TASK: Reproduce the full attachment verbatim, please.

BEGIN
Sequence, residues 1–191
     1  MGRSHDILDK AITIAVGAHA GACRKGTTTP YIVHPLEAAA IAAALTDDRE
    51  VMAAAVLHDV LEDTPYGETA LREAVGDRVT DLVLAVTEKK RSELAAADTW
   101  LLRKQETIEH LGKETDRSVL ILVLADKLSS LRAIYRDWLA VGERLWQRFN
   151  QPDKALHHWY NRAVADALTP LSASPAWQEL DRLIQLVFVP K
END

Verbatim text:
Sequence, residues 1–191
     1  MGRSHDILDK AITIAVGAHA GACRKGTTTP YIVHPLEAAA IAAALTDDRE
    51  VMAAAVLHDV LEDTPYGETA LREAVGDRVT DLVLAVTEKK RSELAAADTW
   101  LLRKQETIEH LGKETDRSVL ILVLADKLSS LRAIYRDWLA VGERLWQRFN
   151  QPDKALHHWY NRAVADALTP LSASPAWQEL DRLIQLVFVP K